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Sustainable surgery and the use of consumables


Healthcare has a significant environmental impact (1, 2), the operating theatre, in particular, has a high carbon footprint (3). A large volume of waste is generated in the operating theatre and a proportion of this waste is single-use plastic (4). This brief article will focus upon the use of single-use gowns and drapes, as where used they contribute a significant volume to operating theatre waste.

Gowns and drapes are used to create a sterile field for surgery and evidence for their use is irrefutable (6). A detailed life-cycle analysis, comparing all aspects of environmental impact from the use of a single-use disposable gown versus a reusable gown, has been performed (5) and provides strong evidence that use of re-usable textiles has a significantly lower environmental impact, even when laundering, repackaging and resterilisation is taken into account. There is a range of gown materials available, however in broad terms, reusable gowns are made of a woven material and single-use gowns are made of a synthetic non-woven material (6). The re-usable woven material performs well to ensure that the surgeon is sterile, unless there is significant wetting of the fabric, when the barrier properties become compromised and microbial strike-through from the surgeon’s scrubs to the sterile field becomes possible (6). Single-use textiles that are made of non-woven material (typically synthetic fibres, such as polypropylene) do have superior impermeability when wet, but again this depends upon the performance of the particular gown utilized (6). Re-usable surgical textiles should be monitored for number of uses and for signs of wear as they barrier function reduces after a certain number of washes without appropriate maintenance (6).

Whilst we must strive to reduce our environmental impact, maintaining outstanding levels of patient care and outcomes is our priority. Changes that may be made in use of surgical textiles must not risk an increase in surgical site infection. Systematic review of the literature comparing surgical site infection when single-use textiles versus re-usable textiles were used concludes that there is no difference (7, 8), however it is recognized that further studies would be valuable. Each surgical procedure varies in terms of the risk of fluid contamination on the gowns or drapes and the anticipated risk to the patient should a wound infection develop (e.g., if an implant is used the risk is greater) and therefore the selection of surgical textiles for a particular procedure and patient can be made on a rational basis (9). A switch to single-use synthetic gowns in the human field has been driven largely by the need for robust barrier properties to protect the surgeon from contamination with blood-borne disease, such as Human immunodeficiency virus (HIV) (9), however disease transmission is not typically an issue in routine veterinary surgery.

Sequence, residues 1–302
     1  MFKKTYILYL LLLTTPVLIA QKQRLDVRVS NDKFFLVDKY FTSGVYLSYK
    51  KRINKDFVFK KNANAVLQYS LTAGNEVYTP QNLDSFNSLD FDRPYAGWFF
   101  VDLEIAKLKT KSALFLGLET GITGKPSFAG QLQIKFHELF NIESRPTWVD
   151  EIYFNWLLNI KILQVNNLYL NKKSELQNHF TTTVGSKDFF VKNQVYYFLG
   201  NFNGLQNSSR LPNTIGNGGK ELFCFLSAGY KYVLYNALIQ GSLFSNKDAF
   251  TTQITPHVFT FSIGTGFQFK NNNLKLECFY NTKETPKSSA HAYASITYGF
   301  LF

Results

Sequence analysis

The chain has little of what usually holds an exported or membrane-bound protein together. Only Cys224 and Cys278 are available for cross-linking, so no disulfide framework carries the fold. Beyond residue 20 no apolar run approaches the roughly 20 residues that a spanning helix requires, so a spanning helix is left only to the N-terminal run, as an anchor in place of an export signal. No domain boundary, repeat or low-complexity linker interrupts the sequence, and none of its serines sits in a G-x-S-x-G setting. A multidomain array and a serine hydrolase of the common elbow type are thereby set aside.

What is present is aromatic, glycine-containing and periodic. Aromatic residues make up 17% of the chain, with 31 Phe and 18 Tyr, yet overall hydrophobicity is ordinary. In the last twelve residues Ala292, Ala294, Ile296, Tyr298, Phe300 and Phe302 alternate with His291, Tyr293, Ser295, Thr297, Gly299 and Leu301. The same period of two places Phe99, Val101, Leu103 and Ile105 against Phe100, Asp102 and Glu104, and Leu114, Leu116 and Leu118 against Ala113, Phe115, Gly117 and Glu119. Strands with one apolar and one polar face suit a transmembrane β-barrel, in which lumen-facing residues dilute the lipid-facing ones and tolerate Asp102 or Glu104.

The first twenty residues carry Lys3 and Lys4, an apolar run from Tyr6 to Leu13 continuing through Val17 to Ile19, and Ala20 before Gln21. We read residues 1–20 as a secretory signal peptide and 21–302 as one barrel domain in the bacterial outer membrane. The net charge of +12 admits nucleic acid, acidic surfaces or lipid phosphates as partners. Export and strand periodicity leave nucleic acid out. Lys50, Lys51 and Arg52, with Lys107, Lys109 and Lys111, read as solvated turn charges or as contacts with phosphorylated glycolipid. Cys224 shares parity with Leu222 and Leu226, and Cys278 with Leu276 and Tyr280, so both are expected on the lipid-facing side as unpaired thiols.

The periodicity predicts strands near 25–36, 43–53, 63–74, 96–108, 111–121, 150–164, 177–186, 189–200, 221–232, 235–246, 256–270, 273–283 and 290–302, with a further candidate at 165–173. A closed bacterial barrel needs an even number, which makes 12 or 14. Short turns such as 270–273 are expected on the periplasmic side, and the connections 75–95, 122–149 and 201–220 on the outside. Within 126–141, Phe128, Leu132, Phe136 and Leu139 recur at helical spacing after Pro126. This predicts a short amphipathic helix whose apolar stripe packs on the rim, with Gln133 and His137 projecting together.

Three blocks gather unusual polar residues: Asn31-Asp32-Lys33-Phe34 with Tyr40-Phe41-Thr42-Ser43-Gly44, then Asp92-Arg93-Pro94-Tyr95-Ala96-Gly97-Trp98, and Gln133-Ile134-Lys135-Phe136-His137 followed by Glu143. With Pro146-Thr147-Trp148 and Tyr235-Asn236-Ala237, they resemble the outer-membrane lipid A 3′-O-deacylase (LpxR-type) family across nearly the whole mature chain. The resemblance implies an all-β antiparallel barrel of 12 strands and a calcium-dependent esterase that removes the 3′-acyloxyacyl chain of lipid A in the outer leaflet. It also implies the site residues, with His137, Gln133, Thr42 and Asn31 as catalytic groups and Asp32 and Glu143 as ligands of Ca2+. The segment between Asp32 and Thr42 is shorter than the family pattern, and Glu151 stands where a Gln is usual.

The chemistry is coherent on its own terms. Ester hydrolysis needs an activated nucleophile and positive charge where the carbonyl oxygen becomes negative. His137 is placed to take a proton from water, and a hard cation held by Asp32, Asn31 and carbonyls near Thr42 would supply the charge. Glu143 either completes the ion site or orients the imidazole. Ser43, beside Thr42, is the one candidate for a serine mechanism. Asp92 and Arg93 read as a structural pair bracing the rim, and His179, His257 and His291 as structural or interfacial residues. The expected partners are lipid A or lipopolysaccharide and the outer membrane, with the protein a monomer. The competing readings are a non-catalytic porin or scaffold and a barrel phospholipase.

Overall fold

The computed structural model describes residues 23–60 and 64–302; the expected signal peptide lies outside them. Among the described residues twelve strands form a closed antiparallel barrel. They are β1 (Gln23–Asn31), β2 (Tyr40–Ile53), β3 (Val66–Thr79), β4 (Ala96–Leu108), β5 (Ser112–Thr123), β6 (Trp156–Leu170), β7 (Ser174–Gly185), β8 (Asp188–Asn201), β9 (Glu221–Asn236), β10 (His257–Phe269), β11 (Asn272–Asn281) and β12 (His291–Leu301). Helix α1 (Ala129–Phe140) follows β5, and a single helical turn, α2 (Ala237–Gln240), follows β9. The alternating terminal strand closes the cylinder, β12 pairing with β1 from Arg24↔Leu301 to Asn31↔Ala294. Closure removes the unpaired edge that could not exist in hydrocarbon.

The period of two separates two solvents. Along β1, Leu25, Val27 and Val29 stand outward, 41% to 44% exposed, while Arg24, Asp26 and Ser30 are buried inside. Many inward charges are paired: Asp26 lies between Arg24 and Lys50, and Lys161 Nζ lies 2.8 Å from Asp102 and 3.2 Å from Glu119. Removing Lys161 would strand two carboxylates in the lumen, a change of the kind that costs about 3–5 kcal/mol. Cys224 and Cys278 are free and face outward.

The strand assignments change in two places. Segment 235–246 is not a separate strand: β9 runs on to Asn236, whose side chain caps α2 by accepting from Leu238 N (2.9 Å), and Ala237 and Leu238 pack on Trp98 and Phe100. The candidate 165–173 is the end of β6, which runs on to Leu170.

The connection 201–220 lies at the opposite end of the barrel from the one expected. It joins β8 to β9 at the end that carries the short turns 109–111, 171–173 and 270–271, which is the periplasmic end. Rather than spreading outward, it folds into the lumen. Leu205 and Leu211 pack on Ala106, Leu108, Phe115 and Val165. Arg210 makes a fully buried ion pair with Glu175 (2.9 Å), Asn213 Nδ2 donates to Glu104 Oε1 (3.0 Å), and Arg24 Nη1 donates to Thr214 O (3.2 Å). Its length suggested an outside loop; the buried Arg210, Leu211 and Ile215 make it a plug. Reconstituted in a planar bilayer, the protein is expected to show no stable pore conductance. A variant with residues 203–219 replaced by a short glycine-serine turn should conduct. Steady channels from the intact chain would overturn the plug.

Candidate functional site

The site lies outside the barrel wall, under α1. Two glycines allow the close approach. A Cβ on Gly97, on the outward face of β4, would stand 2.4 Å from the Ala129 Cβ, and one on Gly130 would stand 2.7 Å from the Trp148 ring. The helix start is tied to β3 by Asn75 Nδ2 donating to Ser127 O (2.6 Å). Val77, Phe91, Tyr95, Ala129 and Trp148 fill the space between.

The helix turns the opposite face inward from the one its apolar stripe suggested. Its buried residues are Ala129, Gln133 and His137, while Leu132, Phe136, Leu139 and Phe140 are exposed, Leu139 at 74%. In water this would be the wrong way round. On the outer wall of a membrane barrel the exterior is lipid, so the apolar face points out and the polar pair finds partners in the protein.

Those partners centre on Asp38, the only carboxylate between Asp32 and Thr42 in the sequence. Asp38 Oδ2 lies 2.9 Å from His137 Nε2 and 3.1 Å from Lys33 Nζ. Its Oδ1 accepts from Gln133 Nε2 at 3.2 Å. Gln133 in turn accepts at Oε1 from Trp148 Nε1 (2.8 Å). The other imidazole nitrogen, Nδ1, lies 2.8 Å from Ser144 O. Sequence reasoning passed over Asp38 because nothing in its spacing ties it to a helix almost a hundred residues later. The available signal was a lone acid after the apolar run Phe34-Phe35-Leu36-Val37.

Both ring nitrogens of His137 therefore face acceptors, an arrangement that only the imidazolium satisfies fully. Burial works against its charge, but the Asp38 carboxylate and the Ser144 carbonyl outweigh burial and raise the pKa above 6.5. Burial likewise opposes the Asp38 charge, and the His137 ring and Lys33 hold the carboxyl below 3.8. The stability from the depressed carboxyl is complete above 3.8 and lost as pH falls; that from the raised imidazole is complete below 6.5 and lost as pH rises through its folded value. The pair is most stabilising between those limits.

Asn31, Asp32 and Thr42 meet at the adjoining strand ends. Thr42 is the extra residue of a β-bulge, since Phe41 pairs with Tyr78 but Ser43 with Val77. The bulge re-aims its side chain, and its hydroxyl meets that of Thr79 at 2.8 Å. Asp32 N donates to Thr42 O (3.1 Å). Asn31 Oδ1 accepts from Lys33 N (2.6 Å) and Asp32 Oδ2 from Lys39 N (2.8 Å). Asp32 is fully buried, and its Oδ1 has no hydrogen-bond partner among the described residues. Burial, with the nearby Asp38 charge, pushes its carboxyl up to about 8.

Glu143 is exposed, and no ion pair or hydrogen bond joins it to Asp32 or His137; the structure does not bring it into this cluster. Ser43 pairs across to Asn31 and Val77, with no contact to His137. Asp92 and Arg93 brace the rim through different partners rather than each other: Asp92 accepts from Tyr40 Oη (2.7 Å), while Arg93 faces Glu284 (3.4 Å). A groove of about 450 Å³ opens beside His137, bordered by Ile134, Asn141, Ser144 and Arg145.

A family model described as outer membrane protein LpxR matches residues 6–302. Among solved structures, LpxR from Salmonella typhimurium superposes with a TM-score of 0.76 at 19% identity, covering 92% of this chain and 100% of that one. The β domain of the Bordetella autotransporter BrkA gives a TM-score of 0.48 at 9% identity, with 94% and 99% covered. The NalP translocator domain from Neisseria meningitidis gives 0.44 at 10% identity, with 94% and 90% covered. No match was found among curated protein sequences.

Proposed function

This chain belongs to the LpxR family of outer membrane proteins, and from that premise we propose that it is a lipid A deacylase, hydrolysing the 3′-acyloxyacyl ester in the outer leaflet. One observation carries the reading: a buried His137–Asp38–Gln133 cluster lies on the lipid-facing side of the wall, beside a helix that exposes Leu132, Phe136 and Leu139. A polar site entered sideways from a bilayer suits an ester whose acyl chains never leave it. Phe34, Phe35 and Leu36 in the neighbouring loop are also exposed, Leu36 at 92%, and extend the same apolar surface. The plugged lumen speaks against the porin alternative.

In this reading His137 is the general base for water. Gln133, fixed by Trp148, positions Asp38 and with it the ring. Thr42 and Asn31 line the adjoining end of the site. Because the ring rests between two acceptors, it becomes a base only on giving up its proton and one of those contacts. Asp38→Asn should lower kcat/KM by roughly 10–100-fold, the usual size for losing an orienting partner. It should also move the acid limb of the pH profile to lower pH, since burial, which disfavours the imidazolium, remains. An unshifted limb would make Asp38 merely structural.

It is common place for re-usable surgical textiles to be used exclusively in some veterinary practices but some practices do not have re-usable textiles available (10) and there has been a trend to switch to single-use textiles over the past decade. During the COVID pandemic, however, diversion of single-use personal protective equipment (PPE) to the NHS led to a supply disruption to veterinary practices (11). Those practices without access to re-usable surgical textiles risk operational disruption due to supply chain issues, whilst those with re-usable surgical textiles routinely available have greater business resilience. A rational approach to the use of single-use and reusable surgical textiles would allow a significant reduction in environmental impact, in addition to affording operational resilience to allow provision of outstanding veterinary care into the future.


1. Costello A, Abbas M, Allen A, Ball S, Bell S, Bellamy R, et al. Managing the health effects of climate change: Lancet and University College London Institute for Global Health Commission. The Lancet. 2009;373(9676):1693-733.

2. Jones RS, West E. Environmental sustainability in veterinary anaesthesia. Vet Anaesth Analg. 2019;46(4):409-20.

3. Kagoma Y, Stall N, Rubinstein E, Naudie D. People, planet and profits: the case for greening operating rooms. Canadian Medical Association Journal. 2012;184(17):1905-11.

4. Rizan C, Mortimer F, Stancliffe R, Bhutta MF. Plastics in healthcare: time for a re-evaluation. Journal of the Royal Society of Medicine. 2020;113(2):49-53.

5. Vozzola E, Overcash M, Griffing E. An Environmental Analysis of Reusable and Disposable Surgical Gowns. AORN Journal. 2020;111(3):315-25.

6. Belkin NL. A historical review of barrier materials. Aorn j. 2002;76(4):648-53.

7. Vasanthakumar M. Reducing Veterinary Waste: Surgical Site Infection Risk and the Ecological Impact of Woven and Disposable Drapes. Veterinary Evidence. 2019;4(3).

8. WHO. Summary of a systematic review on drapes and gowns. Global Guidelines for the Prevention of Surgical Site Infection Geneva: World Health Organization. 2018; Web Appendix 17.

9. Belkin NL. Gowns: Selection on a Procedure-Driven Basis. Infection Control & Hospital Epidemiology. 1994;15(11):713-6.

10. Delisser PJ, Sinnett DE, Parsons KJ, Friend EJ. A survey of surgical draping practices in small-animal practice in the UK. Vet Rec. 2012;171(13):326.

11. Federation of Veterinarians of Europe, (2020), COVID-19 & the veterinary profession, Federation of Veterinarians of Europe, Brussels, viewed Feb 17 2022. <>